Third-quarter earnings reports showed that the global oil majors are back in the black. Two questions remain: Will they stay that way? And how will their new cash be used?
High oil prices are only sustainable if the economy is in overdrive
The industry model typically looks to price spikes to support new drilling as prices rise. Oil companies put away cash for inevitable price drops and buying new reserves on the cheap. Something is different this time, though. Oil companies are cutting their capital expenditures. They’re reducing debt and paying back more to shareholders.
The last decade of lost value is a good reason. Investors (and, we suspect, even company management) understand that more drilling and expensive acquisitions are a bad bet. The competition across the enterprise is growing. As greater consensus on low-carbon policies grows stronger, future business cycles will be very different.
The last decade was also a time of low oil prices. During the height of the pandemic, the industry hit record low prices. A short 18 months ago, prices fell below zero. Today, they’re roughly $80 per barrel.
The reasons for the quick rise are worth understanding. The pandemic resulted in reductions in production. The pandemic, now more manageable than a year ago, has resulted in an economic recovery pushing worldwide gross domestic products to the high 5% range. But 2022 GDP is expected to drop, and perhaps oil prices along with it. By 2023 with GDP expected in the high 2% range, more reductions in oil prices requires a cautious outlook for oil and gas management and investors.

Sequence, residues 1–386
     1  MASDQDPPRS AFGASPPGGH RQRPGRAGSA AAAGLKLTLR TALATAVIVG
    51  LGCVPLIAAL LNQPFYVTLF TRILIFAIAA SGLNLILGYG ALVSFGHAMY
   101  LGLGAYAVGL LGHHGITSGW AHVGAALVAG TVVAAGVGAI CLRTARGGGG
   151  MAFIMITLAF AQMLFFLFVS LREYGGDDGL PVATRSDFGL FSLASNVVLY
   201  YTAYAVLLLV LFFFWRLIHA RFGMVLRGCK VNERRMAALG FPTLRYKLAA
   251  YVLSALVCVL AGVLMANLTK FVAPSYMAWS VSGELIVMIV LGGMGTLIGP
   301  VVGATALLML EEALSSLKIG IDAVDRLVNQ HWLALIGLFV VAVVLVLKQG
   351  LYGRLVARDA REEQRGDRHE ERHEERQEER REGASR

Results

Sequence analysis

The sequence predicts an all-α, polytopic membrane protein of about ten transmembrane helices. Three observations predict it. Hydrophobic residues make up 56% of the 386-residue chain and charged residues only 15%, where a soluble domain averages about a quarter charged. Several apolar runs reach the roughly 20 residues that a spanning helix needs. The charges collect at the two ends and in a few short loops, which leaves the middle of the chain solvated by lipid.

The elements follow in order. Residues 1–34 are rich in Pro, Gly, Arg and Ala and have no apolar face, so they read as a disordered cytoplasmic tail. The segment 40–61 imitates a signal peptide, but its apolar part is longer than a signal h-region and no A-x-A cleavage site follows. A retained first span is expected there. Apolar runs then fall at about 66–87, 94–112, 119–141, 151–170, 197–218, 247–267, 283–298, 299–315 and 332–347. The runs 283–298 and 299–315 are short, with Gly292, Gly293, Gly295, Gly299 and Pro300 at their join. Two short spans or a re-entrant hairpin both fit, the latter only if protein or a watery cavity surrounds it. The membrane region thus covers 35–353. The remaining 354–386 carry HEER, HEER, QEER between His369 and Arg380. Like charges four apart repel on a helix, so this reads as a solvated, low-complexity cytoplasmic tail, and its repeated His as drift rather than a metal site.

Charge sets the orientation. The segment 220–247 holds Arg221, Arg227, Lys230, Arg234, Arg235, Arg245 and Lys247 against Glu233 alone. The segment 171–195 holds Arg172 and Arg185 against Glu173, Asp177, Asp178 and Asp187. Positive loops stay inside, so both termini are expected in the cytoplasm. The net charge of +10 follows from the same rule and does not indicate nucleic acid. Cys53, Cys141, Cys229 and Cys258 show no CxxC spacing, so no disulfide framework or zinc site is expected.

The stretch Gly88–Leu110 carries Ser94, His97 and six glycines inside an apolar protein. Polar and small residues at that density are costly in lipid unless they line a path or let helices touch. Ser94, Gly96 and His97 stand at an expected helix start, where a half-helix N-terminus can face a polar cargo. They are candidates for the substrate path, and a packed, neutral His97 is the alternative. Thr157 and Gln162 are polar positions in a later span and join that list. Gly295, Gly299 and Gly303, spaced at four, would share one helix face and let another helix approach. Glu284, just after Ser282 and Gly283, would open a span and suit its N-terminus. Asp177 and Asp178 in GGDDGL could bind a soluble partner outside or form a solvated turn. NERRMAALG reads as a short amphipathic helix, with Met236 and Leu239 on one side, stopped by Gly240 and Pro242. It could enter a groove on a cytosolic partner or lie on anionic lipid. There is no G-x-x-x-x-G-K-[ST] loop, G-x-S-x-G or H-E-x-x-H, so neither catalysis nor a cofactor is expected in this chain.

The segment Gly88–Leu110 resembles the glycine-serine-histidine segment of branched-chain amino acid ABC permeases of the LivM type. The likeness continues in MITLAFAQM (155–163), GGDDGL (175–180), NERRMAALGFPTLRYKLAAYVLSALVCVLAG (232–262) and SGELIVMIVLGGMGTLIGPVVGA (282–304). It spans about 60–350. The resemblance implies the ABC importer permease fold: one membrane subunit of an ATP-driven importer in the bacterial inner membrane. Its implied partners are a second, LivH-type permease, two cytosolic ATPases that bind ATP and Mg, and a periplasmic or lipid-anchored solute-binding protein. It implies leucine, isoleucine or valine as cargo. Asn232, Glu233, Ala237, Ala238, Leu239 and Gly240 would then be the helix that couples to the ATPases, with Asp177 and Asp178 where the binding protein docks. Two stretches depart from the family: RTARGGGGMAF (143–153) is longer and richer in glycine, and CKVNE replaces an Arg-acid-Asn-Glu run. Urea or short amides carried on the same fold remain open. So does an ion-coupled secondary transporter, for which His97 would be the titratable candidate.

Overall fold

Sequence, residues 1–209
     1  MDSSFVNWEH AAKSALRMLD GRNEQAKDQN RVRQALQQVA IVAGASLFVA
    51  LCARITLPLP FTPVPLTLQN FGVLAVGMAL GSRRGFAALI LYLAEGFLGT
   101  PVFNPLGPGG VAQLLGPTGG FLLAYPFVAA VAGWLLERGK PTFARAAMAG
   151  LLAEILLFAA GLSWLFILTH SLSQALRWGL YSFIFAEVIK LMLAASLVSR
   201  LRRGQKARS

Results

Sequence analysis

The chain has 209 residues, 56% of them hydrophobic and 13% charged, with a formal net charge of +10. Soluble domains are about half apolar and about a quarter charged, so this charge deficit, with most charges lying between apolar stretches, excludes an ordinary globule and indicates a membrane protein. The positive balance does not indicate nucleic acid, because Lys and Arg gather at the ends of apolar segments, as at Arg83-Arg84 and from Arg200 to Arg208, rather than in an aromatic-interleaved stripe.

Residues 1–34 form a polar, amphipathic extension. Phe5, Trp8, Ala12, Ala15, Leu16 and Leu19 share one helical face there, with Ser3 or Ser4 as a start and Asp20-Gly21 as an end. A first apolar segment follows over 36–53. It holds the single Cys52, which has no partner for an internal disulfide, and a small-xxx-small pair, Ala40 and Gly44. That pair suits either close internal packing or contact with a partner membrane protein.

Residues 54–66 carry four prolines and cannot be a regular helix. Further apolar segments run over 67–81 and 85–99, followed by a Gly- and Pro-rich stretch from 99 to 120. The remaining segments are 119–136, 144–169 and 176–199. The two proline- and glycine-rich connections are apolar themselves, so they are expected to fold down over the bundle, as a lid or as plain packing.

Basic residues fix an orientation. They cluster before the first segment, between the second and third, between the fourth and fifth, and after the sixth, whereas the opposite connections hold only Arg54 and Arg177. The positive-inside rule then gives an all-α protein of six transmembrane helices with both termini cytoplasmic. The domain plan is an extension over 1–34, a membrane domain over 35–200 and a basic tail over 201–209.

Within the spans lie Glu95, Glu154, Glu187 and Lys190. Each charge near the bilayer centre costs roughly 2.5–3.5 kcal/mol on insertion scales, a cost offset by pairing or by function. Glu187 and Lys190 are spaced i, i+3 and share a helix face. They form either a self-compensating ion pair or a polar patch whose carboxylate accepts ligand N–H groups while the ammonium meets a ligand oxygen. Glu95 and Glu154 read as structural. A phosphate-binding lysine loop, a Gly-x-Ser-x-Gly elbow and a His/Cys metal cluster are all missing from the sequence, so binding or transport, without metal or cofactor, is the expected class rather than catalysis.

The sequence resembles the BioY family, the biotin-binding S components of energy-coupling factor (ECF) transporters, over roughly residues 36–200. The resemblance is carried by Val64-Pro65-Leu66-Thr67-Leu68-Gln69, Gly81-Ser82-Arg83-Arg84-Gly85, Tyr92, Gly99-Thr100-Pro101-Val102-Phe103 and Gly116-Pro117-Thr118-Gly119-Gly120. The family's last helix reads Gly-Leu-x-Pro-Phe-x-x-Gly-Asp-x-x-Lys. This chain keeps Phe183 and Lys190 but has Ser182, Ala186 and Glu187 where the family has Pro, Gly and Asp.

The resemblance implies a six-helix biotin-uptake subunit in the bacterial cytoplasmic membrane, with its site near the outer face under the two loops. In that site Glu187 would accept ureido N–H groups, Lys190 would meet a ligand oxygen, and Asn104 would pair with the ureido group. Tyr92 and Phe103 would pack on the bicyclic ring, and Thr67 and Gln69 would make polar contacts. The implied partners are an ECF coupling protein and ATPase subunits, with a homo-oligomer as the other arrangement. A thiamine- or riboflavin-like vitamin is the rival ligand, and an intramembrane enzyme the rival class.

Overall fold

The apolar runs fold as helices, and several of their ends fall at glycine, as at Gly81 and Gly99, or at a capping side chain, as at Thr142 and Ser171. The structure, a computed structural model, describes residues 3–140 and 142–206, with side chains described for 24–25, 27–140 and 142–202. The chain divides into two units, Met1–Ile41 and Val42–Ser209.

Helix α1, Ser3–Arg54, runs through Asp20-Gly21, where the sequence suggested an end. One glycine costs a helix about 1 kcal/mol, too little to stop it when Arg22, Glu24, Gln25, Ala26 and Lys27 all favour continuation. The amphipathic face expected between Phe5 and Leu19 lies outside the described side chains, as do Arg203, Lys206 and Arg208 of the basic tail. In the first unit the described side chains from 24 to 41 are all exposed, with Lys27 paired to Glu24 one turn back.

High oil prices are only sustainable if the economy is in overdrive. Otherwise, the benefits to oil and gas investors come at the expense of the rest of the economy. Rising oil prices give rise to political unrest from consumer nations as their economic development plans are stymied by putting domestic profits into the pockets of international oil producers, driving inflation, trade and fiscal deficits, and currency devaluations. Rising prices at the pump are never good politics, and if natural gas prices follow suit, electricity and home heating prices also take a hit.
Prolonged high oil prices, however, have another impact. Renewable energy, electric vehicles and the variety of industrial moves to decarbonize are incentivized. Even volatility, the short-term problem caused by rising prices, is sufficient to drive calls for more rapid adoption of alternative fuels. With the utility sector moving quickly toward renewable energy, more oil and gas price gyrations are not good news for long-term oil and gas investors.
For decades, the oil and gas industry worked hard to weaken the idea that its investment rationale was tethered to the price of oil. The industry’s playbook was supposed to produce steady profits through periods of growth and decline. Its business was seen as separate from the price of oil. That is no longer the case.
Competition, geopolitical complexity and climate concerns have clouded the prospects for the industry, even as prices are rising. As prices increased through the first nine months of the year, more institutional investors—including prominent ones such as Harvard University and the Ford Foundation—have joined the line of those divesting from fossil fuels. For those still hanging onto their fossil fuel shares, the May vote by ExxonMobil shareholders in strong opposition to management rocked boardrooms around the globe.
Fossil fuel companies will be around for a long time. They face an energy transition and that they can join—or they can lose value by keeping their fortunes tied to business practices that drive volatility and rising prices. Making a comeback and coming back all the way are two very different scenarios.
Tom Sanzillo (email@example.com) is IEEFA director of financial analysis.